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What Factors Drive The Trucking Freight Economy

What Factors Drive The Trucking Freight Economy

Forecasting volumes, capacity, and rates in the Trucking freight economy are important tasks for freight forwarders and carriers in the industry. Also, since the larger world economy depends pretty much on global freight movement, freight forecasts and the economy are inseparable.

The variables that drive the freight economy, like those that drive the general economy, are too numerous to list. However, we can narrow down the main factors to a few that make a difference. Many of these are obvious, but they bear further consideration.

Economic Activity

The overall economy has an impact on truck demand at the highest level. GDP growth, industrial production, retail spending and consumption, inventory restocking, housing starts, agricultural demand (e.g., produce seasons), auto production, and weather are all important factors driving transportation demand.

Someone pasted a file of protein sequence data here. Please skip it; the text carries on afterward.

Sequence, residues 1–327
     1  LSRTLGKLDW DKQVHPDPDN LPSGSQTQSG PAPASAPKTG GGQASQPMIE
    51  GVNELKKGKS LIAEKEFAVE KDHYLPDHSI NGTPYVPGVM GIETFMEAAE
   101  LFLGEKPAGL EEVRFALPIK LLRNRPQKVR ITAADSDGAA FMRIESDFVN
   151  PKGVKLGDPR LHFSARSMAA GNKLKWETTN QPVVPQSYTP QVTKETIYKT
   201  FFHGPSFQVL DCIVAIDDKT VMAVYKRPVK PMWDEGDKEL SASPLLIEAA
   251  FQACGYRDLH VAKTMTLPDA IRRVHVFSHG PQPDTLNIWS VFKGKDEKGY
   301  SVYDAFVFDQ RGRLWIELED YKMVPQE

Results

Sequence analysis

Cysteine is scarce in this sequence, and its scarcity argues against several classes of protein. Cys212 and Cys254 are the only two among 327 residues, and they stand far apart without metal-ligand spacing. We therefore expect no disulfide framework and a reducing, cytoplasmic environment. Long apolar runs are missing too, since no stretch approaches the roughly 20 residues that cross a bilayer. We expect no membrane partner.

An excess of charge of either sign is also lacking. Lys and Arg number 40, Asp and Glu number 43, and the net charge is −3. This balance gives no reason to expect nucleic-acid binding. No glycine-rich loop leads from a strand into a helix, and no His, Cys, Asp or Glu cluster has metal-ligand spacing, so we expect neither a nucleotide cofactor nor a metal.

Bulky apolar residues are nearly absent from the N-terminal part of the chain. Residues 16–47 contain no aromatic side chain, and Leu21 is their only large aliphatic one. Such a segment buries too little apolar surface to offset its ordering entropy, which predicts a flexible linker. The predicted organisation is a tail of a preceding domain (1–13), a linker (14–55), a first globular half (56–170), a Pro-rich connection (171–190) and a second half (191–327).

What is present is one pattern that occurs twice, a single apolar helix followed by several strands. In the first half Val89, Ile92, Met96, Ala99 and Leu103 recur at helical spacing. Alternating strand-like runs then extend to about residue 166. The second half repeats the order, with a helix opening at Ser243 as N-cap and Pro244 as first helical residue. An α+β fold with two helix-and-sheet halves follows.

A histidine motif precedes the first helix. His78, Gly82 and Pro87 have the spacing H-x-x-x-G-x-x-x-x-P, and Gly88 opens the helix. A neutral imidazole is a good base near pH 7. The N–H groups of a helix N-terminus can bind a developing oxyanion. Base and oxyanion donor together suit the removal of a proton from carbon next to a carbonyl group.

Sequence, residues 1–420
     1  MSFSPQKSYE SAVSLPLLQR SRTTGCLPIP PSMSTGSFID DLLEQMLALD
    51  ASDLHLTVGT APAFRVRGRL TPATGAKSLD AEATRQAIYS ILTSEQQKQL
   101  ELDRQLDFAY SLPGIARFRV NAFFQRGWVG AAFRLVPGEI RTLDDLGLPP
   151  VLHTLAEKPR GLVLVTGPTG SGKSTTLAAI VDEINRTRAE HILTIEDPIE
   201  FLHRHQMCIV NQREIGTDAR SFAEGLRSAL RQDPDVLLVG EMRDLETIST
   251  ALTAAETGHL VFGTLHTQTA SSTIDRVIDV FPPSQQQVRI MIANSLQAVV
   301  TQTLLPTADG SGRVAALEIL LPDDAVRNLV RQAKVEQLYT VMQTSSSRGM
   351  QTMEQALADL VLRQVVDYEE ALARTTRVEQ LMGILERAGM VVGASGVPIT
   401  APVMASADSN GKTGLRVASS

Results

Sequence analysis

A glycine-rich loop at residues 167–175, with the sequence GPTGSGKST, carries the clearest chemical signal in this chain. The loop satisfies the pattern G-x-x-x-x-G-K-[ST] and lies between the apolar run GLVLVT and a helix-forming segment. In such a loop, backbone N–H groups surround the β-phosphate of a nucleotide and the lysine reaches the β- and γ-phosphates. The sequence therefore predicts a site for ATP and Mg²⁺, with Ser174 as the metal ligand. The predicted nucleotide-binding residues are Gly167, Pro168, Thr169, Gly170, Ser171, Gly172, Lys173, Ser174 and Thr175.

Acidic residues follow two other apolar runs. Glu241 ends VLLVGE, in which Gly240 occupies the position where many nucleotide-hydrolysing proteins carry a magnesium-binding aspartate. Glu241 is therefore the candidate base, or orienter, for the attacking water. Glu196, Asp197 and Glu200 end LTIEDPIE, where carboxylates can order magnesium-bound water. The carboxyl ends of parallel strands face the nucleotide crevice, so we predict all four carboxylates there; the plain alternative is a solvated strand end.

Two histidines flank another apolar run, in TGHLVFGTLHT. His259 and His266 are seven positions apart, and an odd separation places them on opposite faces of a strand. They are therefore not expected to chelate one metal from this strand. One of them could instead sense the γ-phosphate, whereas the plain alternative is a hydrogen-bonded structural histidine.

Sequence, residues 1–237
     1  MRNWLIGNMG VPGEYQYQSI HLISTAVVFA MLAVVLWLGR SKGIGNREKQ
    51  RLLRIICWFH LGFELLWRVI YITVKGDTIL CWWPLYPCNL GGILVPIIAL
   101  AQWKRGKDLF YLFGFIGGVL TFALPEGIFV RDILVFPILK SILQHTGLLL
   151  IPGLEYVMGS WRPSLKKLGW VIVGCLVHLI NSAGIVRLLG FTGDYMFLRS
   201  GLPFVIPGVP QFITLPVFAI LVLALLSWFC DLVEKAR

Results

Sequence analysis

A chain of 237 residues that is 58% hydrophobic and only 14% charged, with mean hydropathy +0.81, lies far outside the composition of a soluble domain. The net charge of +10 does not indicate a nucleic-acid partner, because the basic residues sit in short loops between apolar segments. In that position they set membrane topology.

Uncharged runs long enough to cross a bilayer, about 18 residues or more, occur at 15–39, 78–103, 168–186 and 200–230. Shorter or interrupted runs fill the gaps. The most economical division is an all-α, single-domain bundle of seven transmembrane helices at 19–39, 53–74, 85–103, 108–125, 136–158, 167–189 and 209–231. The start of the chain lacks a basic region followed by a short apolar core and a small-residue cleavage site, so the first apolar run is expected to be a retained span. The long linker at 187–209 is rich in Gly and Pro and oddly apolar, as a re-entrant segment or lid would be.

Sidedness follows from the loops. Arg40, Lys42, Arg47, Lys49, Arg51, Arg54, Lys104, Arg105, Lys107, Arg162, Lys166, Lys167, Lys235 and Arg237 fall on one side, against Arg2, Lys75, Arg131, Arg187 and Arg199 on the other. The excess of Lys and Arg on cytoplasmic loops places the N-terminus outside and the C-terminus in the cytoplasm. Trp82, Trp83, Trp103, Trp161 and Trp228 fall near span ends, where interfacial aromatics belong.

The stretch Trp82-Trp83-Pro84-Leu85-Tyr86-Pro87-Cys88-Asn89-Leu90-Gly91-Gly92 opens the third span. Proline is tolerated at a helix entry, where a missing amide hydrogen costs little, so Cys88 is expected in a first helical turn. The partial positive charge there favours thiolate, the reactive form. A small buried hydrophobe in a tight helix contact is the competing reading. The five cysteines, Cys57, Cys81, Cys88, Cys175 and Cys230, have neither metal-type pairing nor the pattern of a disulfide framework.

GDP (Gross Domestic Product)

Returning to the most basic macroeconomic demand factors, the equation for real GDP can be broken down into consumption (69% of US GDP) + business investment (18%) + government spending (17%) + net exports (-4%). Consumption, business investment (e.g., capital spending and inventories), and net exports all have an impact on transportation, with government spending, which is primarily spent on defence, having a smaller impact.

Truck Capacity

The critical factor on the supply side is capacity. Total available drivers for dispatch are widely regarded as the most important variable in determining trucking market capacity. Trucking rates are determined by the intersection of supply and demand, with the directional movement determined by which party has more bargaining power – carriers or shippers.